The council pointed to that issue, as well the glossing over of the firefighters' concerns in the external review, in the report handed to Mr Gentleman in November.
In her letter, Ms Whelan staunchly defended the government-commissioned review, saying it was the most "open and transparent" process in the agency's history, drawing on feedback from hundreds of staff and volunteers through 38 workshops.
"Comments from council members discrediting this significant piece of work are extremely disappointing and concerning," the letter stated.
"Such comments do not well serve the minister and commissioner to whom the council is intended to provide advice, and do not reflect well on the council in terms of its performance of this role."
Ms Whelan broadened her criticism beyond the conduct of members at the September 2 meeting, claiming "this general attitude and behaviour ... has become a consistent undertone to our interactions".
"I am supportive of open, transparent and robust discussions, and would hope to establish a collaborative working relationship where we can benefit from the expertise and experience of your membership.
"But an environment where the work of the ESA is consistently criticised or dismissed, and where my officers are not given the respect for their expertise is not productive.
"I feel that while the ESA is making every attempt to strengthen and maintain the relationship with council, this is continually undermined by the conduct of council members."
Ms Whelan concluded the letter by asking Dr Ryan to meet to discuss how to address the problems.
Dr Ryan responded via email, telling Ms Whelan that she would appreciate an opportunity discuss ways to achieve a "better working relationship".
Correspondence between the pair showed they met on September 28. Ms Whelan described the meeting as a "really constructive way of working through our collective issues".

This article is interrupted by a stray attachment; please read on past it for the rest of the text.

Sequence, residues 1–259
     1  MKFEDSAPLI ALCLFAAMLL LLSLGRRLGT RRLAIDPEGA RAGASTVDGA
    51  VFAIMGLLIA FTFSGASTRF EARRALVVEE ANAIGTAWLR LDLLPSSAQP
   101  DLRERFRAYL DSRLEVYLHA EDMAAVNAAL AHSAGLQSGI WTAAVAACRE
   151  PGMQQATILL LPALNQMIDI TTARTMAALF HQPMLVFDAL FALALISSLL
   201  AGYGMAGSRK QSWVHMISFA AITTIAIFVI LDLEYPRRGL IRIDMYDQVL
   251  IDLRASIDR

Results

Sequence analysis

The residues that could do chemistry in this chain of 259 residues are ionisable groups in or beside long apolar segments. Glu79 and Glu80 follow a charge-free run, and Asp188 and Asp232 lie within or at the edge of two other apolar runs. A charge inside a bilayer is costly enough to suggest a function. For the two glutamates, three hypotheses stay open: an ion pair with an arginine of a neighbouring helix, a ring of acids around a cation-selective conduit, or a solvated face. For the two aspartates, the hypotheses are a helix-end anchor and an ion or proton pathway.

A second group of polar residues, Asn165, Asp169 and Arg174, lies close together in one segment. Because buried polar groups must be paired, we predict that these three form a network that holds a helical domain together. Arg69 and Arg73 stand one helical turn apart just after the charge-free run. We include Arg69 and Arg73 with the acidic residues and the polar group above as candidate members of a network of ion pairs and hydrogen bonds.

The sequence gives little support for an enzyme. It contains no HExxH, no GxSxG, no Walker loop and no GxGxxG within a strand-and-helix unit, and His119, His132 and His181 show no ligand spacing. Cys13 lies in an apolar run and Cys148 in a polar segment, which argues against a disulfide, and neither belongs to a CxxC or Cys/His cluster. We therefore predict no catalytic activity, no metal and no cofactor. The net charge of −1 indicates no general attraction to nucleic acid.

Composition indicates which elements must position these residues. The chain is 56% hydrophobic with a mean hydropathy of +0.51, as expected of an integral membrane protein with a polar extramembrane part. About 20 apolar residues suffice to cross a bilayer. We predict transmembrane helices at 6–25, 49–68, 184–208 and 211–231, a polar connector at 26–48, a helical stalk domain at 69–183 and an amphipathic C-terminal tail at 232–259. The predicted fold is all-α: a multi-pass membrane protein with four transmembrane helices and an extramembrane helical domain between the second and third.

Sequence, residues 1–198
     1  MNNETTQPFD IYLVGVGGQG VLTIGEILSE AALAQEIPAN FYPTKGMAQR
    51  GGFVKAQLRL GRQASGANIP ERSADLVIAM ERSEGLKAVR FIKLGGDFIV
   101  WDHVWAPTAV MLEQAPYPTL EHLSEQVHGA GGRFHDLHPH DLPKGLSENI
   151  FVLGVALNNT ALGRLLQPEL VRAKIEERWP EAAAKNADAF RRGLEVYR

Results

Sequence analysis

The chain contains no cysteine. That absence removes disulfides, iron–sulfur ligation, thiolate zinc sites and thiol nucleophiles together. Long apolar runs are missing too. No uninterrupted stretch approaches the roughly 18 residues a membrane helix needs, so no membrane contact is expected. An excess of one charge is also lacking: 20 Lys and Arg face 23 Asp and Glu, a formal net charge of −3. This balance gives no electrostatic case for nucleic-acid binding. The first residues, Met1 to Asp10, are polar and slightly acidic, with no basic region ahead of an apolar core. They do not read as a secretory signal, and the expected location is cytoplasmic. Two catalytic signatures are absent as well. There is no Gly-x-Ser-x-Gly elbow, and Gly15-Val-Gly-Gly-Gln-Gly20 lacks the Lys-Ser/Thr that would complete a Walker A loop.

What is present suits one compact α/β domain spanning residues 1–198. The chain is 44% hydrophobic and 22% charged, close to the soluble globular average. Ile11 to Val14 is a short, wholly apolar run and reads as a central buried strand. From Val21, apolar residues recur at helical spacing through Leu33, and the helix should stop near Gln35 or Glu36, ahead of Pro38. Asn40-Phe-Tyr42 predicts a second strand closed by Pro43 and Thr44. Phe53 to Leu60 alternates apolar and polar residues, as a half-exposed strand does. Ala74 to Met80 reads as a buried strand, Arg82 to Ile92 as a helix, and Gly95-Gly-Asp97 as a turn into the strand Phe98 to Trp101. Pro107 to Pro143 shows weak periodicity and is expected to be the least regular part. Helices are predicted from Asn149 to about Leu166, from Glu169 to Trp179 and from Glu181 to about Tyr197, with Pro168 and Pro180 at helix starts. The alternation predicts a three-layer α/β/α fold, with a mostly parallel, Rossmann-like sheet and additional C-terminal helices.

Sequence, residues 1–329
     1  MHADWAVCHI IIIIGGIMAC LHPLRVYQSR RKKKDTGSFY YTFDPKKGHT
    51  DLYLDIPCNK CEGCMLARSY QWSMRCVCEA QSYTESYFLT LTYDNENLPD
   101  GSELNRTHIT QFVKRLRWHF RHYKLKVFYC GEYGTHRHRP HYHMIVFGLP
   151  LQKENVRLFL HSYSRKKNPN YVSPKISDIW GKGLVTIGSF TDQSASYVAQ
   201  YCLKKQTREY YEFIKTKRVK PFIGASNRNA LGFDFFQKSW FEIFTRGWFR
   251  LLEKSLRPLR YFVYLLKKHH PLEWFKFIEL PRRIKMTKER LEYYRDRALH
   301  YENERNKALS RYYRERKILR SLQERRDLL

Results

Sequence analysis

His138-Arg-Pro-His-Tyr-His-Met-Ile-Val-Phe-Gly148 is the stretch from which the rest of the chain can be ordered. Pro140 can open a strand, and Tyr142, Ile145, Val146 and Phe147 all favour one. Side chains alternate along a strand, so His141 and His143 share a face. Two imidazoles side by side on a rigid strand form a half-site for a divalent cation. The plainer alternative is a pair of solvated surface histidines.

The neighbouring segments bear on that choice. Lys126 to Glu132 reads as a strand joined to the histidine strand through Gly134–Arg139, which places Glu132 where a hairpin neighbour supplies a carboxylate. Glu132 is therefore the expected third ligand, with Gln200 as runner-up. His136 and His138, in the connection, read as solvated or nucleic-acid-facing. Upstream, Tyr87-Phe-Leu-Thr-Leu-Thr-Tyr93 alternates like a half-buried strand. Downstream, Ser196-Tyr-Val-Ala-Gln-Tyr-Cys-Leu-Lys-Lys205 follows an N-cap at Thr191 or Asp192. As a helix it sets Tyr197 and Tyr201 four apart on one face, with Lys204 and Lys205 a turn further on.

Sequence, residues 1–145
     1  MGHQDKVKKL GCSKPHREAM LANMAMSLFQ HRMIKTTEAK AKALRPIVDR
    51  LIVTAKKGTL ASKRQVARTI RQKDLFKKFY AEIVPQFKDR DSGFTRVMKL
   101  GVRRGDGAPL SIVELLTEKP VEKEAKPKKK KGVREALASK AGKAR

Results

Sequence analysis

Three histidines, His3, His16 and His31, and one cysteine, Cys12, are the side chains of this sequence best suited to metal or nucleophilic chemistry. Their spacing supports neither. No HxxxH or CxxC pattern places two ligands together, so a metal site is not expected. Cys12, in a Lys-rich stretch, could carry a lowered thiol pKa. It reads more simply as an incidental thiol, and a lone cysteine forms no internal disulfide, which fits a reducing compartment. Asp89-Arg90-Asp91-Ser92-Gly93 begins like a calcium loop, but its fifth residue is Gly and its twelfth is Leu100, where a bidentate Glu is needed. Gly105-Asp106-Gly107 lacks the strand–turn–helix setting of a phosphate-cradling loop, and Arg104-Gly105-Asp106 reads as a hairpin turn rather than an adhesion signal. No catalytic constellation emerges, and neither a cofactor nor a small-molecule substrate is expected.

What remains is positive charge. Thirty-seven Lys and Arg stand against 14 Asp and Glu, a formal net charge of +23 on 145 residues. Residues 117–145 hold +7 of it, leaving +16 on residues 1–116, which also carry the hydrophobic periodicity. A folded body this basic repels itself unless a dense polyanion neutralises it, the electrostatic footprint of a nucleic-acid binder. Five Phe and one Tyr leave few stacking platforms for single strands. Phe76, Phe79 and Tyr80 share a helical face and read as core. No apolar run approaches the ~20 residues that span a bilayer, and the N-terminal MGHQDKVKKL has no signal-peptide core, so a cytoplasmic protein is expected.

In an interview with The Canberra Times, Ms Whelan said the agency and the council had a "robust and healthy relationship".
She said the council put forward views and recommendations which she didn't always agree with, but indicated that was expected in what she described as an "environment of contestability".
However, she remained critical of how council members communicated their views.
"There are times where the way in which some of that information or opinions are relayed, I would like to be a little bit more constructive," she said.
"I do have confidence in the advice. I may not always agree with some of the recommendations that they make borne out of the advice. But there is a difference between the confidence in the advice and manner in which that advice is relayed."
Ms Whelan strongly dismissed any suggestion that she wanted the council abolished, saying she "always believed in having an objective and independent body that holds me to account".
The Canberra Times contacted Dr Ryan for comment late last week, but did not receive a response before deadline.
The council must get approval from the minister's office to make media statements, according to its terms of reference.